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Vox Populi: Japan’s lack of disclosure over virus only fuels harmful rumors

  • April 2, 2020
  • , The Asahi Shimbun , 12:25 p.m.
  • English Press

According to “The Psychology of Rumor,” a classic work of social psychology by Gordon Allport and Leo Postman, the extent to which rumors circulate is determined by two essential conditions, and the relation between them is “multiplicative,” not “additive.”


One condition is the importance of the issue to the people concerned. The other is the ambiguity of official information.


Rumor is fueled by the absence or incompleteness of information.


The “lockdown” rumor that went viral on the internet in Japan in late March is a perfect example.


“The government will declare a state of emergency on April 1, and cities will start going into lockdown on April 2,” went the message, triggering frenzied shopping and hoarding in the greater Tokyo metropolitan area.


It goes without saying that this is a matter of crucial importance to the public.


And yet, information issued by the government has been incomplete and ambiguous, and there is no clear indication of exactly how the authorities intend to deal with the situation.


Save for the successful development of a vaccine, or for 60 to 70 percent of the population becoming infected by the virus and developing collective immunity, the COVID-19 pandemic cannot be brought under control.


But what prospects do experts see of getting there? And what strategy does the government have in mind?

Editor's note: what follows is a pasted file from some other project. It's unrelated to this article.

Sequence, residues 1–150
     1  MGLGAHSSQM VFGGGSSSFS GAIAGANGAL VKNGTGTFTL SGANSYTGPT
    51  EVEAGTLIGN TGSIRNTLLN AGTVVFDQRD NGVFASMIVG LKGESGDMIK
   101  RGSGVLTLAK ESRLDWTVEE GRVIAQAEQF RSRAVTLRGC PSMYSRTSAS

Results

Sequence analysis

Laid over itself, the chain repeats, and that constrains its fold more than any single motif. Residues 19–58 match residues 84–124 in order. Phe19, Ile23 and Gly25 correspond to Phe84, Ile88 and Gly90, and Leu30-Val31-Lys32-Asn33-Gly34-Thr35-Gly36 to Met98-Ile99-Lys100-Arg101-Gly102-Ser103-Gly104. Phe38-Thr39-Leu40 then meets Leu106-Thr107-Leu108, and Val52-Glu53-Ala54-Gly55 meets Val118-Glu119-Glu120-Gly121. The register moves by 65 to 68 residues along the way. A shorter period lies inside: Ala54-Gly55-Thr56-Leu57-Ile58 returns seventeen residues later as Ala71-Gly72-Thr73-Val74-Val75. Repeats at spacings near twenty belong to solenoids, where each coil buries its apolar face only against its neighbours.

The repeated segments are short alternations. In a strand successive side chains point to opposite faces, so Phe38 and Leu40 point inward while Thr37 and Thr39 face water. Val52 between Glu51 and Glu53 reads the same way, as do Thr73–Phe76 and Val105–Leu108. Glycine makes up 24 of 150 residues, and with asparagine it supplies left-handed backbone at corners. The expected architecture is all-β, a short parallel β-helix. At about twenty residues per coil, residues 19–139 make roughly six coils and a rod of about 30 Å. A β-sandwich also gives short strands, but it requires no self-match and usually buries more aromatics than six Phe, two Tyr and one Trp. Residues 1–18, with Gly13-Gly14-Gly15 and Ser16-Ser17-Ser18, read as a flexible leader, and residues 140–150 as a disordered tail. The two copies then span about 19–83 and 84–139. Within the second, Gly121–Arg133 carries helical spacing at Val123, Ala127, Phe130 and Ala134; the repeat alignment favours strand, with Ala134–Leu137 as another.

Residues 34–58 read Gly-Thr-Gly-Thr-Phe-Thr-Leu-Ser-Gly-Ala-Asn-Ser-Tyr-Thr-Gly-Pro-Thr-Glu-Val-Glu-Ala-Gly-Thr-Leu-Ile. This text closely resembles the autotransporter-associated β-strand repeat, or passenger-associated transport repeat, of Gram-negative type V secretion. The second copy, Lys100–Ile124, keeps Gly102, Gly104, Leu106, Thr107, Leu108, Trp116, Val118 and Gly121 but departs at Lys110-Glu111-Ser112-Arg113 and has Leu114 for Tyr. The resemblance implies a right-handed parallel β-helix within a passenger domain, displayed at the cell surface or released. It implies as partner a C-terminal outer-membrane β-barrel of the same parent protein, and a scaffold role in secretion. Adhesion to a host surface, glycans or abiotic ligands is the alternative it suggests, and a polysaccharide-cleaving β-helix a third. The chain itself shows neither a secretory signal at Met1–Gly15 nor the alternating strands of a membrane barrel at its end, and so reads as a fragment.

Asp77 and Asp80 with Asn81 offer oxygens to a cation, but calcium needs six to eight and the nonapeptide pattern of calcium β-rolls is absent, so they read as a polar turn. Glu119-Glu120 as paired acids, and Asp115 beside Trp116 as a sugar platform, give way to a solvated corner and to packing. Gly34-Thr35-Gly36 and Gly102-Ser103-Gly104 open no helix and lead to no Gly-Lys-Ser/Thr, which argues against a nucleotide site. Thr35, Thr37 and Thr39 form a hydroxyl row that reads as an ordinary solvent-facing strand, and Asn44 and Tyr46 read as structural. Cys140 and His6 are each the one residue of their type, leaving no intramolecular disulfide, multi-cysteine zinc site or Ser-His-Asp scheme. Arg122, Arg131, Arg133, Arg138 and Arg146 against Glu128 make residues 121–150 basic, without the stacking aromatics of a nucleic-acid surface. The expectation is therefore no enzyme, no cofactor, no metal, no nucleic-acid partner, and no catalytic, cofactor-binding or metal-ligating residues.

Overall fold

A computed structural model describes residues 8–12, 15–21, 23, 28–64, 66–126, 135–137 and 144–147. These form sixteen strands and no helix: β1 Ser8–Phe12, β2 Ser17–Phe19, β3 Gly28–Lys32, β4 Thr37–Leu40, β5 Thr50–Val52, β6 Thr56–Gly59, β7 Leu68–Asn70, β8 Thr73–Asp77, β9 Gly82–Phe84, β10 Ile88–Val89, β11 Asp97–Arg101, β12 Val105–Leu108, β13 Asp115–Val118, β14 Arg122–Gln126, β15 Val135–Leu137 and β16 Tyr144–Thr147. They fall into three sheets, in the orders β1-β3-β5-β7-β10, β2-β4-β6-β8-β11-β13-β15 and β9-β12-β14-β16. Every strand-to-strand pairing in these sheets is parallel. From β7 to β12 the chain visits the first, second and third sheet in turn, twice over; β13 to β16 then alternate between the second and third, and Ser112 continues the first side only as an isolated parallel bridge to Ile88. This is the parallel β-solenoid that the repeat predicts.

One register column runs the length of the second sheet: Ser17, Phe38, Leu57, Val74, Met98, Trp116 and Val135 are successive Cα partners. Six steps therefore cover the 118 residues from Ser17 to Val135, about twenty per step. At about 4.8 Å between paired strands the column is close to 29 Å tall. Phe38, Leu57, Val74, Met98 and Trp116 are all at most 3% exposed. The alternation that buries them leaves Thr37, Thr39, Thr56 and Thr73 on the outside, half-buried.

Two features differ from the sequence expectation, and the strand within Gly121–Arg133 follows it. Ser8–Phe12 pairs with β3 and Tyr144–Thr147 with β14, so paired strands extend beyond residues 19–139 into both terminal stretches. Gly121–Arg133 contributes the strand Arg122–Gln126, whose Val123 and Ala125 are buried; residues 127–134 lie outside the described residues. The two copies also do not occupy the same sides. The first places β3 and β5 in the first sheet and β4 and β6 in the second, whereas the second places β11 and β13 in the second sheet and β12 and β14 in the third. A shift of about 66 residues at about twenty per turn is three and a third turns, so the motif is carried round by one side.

I definitely do not think the government is making sufficient efforts to explain the situation.


The government has a track record of withholding vital information.


When it was already becoming obvious to the public that staging the Tokyo Olympics on schedule would be extremely difficult, the government abruptly announced the Games’ postponement without elaboration.


And now that the rescheduled opening date has been set for next summer, my worry is that this timetable will inhibit the government from candid disclosure of the present realities of the contagion.


In discussing the nature of rumors, the authors of “The Psychology of Rumor” note to the effect that rumors explode when the health of society as an organic entity is at its weakest in terms of resistance.

For society to maintain resistance against rumors, the availability of undistorted information is indispensable.

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